Last Updated on 19th November 2015
East Is East
Trafalgar Studio One
Set in the cramped, decaying terraces of 1970s Salford, Ayub Khan Din’s East is East tells the story of the Khan family, their eastern heritage and western mentalities and the escalating conflict this dichotomy triggers.
There’s as much love present in the Khan home as there is in The Simpsons, but no escaping the fact that the indomitable George Khan – known to his offspring as Genghis – may as well be living on another continent… or planet for that matter.
The mixed-race Pakistani Khan children attempt stay faithful to their father’s values but, in addition to all the usual growing pains, his six sons and one daughter – with their white, English mother – struggle to ignore the emerging opportunities available to them in the west. Consequently, handed down from one generation to the next in the Khan family – more than tradition, culture or religion – is an incurable case of identity crisis.
While focusing on the friction that threatens the Khan family specifically, East is East also presses upon more general themes such as parental expectation, domestic violence, ambition, social mobility, war, and romance. Its partly ironic title is, in fact, as futile as George’s tirades, because East is East is about all of society – east and west – and civilisation struggling to harmonise as it moves unremittingly into the future.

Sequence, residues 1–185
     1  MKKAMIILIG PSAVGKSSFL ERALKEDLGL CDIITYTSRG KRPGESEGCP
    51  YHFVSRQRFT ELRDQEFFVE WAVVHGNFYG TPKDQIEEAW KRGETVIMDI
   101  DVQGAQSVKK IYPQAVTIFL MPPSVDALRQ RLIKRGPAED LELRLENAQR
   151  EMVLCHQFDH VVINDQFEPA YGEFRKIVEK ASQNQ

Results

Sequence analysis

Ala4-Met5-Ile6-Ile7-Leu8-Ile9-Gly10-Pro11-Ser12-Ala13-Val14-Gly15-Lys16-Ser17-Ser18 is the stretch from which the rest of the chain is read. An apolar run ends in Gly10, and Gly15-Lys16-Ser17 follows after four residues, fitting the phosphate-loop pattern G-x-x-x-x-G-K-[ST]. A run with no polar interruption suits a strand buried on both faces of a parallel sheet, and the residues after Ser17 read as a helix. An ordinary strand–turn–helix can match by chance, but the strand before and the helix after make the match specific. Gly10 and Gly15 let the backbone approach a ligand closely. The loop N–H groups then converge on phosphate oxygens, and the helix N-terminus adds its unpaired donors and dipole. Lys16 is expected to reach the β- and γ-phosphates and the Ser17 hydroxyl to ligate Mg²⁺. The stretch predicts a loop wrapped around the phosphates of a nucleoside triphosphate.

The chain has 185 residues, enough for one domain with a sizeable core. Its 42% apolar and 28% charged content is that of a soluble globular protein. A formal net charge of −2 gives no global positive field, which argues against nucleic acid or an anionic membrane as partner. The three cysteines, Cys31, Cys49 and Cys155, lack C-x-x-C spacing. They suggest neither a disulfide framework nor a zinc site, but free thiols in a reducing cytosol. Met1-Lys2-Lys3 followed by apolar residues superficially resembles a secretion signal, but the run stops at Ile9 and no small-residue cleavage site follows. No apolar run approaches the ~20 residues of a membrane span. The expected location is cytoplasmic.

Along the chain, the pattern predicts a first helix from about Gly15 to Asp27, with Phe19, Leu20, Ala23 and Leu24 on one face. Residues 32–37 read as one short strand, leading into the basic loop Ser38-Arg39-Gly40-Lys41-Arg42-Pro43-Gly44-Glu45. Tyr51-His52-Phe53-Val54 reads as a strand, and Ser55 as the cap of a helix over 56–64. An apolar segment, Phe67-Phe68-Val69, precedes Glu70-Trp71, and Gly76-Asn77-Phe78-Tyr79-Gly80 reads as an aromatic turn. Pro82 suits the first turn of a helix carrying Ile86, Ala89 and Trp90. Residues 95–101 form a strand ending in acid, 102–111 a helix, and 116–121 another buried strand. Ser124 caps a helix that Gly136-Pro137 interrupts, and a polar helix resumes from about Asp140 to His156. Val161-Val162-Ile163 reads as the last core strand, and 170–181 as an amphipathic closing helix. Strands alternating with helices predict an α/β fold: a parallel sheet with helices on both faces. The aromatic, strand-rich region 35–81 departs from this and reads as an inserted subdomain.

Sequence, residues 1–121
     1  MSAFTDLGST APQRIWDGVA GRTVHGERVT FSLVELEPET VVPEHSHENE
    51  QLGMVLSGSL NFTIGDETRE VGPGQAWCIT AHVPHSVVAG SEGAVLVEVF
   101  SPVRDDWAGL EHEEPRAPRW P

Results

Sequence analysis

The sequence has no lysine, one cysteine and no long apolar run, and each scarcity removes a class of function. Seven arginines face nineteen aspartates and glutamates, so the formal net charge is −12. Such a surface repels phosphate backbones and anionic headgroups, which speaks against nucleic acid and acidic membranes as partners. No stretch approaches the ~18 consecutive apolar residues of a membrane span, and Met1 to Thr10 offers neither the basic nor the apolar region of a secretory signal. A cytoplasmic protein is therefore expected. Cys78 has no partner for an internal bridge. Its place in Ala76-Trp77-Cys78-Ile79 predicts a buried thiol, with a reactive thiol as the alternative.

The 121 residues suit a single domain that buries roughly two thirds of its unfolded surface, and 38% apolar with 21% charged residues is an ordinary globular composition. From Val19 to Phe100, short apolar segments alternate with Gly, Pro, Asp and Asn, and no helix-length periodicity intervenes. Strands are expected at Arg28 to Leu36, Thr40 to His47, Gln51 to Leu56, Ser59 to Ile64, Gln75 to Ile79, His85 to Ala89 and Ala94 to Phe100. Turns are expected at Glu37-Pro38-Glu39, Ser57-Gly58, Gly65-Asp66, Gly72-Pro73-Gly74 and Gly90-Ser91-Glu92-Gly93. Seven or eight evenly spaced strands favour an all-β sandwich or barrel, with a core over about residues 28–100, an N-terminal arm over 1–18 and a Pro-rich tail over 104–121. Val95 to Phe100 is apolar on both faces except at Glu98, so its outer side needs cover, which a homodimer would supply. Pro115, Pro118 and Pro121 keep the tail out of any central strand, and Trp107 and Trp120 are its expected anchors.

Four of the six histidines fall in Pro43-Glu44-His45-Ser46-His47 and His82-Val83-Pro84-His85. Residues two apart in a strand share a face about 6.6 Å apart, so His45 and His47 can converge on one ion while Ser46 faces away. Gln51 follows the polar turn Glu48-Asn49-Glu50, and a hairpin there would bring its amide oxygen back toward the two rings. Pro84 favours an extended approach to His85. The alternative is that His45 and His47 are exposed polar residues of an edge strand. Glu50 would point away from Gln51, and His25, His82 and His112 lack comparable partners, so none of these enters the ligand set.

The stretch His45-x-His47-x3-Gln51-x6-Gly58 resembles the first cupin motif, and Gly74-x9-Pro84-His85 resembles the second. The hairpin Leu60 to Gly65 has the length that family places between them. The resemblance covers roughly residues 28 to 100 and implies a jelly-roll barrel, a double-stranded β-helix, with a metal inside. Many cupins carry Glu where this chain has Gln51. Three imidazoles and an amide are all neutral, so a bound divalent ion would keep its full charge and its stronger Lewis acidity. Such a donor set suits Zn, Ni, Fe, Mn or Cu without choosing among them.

After a stuttering start East is East gathers fiery pace. Each character – skilfully portrayed by the adept cast – is distinct and yet somehow familiar. Sam Yates’ pellucid and bold direction makes it painfully clear that this family, living in uncomfortably close quarters, are in fact strangers – hiding within coal sheds or Parker coats, living worlds apart with inches in between.
Jane Horrocks is George’s wife – the heroic, chain-smoking, tea-drinking Ella Khan. Despite being repeatedly referred to by her husband as ‘stupid’ Ella gives as good as she gets, diffusing his frequent outbursts with infectious laughter and digestive biscuits. It’s unconvincing that this marriage – albeit a loving one – is 25-years strong but Horrocks is non-the-less every bit believable as a frayed mother battling to keep the peace.
East is East isn’t the searing feast of theatricality you might expect from Lloyd, but the hallmarks and flourishes of his Trafalgar Transformed season are plentiful. The worn, retro couches on set – contaminated by years of family life – inhabit the Khan home like relics, and designer Richard Howell’s lighting subtly divides the cramped and chaotic home allowing for intimate conversations to be drawn into focus.
This part-autobiographical adaptation by Ayub Khan Din (who also plays George) is painfully funny, beautifully acted and consequently worthy of its prestigious stage time at the Trafalgar Studios and subsequent UK tour. The film too will, of course, retain its place among my favourites on the DVD rack.